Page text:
You’ve marked your calendar, replied to the invitation, and even marked your entree of choice. As a wedding guest, you’re looking forward to celebrating the day with the bride and groom, and probably busy buying gifts, getting a final haircut, and finding a perfect outfit.
But, as the saying goes, life happens. You come down with a nasty bug and don’t want to be coughing on the couple. Or maybe there’s an important event you simply can’t miss, something you forgot, or something completely unplanned.
The difficult situation arises: you’ve responded enthusiastically to the invite, but you know you simply can’t make it to the wedding.
The question remains: What should you do?
Wedding guest cancellation etiquette is a touchy topic, but by following these tips, you can avoid offending the bridal party:
- Be Honest: The simplest piece of advice, but it’s also one of the most important. Can you or can’t you attend the wedding? Many guests might be tempted to try to fit the wedding into their schedule, even when it’s not realistic. You’ll want to consider a number of factors, including travel time and how important your other obligations are. Also ask yourself how close you are to the bride or groom: if you’re a part of the family, that is, the bridal party, you should be there unless there is absolutely no way–and in this case, communicate with the bridal party as soon as possible. If you are a distant friend or distant relative, weigh your options. You can’t be in two places at once, and the sooner you accept that, the better for all.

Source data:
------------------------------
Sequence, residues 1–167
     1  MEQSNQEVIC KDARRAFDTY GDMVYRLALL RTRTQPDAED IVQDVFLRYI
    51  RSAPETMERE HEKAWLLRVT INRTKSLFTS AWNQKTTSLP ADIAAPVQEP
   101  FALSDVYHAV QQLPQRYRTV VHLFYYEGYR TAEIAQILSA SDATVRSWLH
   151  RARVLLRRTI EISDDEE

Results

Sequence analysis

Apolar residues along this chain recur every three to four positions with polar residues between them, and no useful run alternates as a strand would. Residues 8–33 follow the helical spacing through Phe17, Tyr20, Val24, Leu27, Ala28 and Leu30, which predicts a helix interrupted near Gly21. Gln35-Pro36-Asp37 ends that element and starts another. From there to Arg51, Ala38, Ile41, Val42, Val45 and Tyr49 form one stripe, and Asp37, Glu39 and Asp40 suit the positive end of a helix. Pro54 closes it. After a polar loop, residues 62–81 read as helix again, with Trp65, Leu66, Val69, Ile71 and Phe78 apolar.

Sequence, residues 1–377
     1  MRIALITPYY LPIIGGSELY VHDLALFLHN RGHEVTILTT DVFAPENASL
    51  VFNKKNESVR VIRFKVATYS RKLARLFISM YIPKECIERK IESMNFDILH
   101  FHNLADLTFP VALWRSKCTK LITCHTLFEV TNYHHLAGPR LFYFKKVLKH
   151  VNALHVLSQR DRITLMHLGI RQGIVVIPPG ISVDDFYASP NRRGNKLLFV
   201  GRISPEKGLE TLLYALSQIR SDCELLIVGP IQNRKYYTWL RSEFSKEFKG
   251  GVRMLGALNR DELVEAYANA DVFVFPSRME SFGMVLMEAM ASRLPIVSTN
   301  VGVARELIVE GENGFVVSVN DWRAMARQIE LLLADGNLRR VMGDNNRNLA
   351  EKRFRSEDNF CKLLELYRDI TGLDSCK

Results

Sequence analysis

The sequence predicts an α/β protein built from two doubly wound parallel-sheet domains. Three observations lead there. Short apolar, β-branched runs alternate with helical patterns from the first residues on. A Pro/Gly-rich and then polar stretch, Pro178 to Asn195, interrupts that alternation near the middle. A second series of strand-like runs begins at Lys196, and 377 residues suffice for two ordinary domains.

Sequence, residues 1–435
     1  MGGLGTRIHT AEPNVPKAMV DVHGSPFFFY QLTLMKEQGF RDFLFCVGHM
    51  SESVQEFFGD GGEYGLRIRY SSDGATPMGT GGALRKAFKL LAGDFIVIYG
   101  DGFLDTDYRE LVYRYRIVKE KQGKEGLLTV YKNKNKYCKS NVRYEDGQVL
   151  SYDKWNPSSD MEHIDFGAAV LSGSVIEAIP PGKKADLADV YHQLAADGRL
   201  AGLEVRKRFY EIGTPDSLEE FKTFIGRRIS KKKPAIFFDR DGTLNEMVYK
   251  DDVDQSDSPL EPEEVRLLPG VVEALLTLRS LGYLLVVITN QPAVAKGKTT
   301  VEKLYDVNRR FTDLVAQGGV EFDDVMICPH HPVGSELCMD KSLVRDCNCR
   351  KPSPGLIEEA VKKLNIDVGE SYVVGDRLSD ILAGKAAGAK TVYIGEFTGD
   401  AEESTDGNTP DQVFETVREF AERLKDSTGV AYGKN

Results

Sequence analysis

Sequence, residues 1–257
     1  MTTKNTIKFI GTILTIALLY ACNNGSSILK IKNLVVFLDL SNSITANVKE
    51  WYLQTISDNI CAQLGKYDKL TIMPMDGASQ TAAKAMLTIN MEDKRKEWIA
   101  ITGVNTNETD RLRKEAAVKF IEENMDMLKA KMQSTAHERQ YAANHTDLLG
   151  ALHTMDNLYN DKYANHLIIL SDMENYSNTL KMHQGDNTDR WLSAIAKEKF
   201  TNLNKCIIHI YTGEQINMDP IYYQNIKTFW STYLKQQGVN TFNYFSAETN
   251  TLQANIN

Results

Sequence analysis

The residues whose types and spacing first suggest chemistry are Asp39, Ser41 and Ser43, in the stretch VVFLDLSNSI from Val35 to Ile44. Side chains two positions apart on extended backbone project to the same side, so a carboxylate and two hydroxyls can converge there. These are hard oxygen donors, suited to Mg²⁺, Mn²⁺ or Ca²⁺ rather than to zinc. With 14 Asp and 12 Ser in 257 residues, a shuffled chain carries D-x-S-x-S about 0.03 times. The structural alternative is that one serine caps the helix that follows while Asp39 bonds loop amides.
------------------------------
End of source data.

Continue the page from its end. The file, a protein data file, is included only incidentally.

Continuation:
- Know You Aren’t Alone: While it’s ideal to decline an invite right away, and even more ideal, of course, to be able to attend, know you aren’t alone. In fact, The Knot suggests that brides and grooms plan on about ten to twenty percent of invited guests declining.
- On the Other Hand, Don’t Wait: That said, don’t cancel casually (see point “Be Honest”). Cancelling does cost the bride and groom money, especially if it’s something like a plated dinner, vs a buffet, where they will be paying for your meal in particular. Letting the couple know as soon as possible is essential. The sooner you notify them, the more likely the couple can plan for unexpected cancellations, and perhaps get at least a partial refund.
- Let Them Know Your Regrets: Be human, and be personal. Let the couple know how much the original invite meant to you, and how much you wish you could be a part of their day. If you feel comfortable, you can share your reason for cancellation; regardless, do so in a polite, apologetic tone. And it wouldn’t hurt to send a card along, and maybe, if your budget allows, an extra nice gift. If you’re close to the bride or groom, suggest getting together with them after their honeymoon: it will let them know you really do care, and give you a date to look forward to.
- Call, Email, Text? Exactly how should you send your regrets? If you’ve already sent a RSVP confirmation in the mail, your best bet is probably to call. While doubtless the couple is busy planning, calling is a more personal, direct, and quicker way to notify the couple. Whatever you do, don’t send a casual text: they took the effort to invite you formally, and you owe them the same courtesy.
For future weddings you can make it to, Guestboard is here to help. Post questions about anything from flights, details, or things to do nearby. It’s your online resource to anything and everything about weddings: and you don’t even need to ask the bride or groom for help!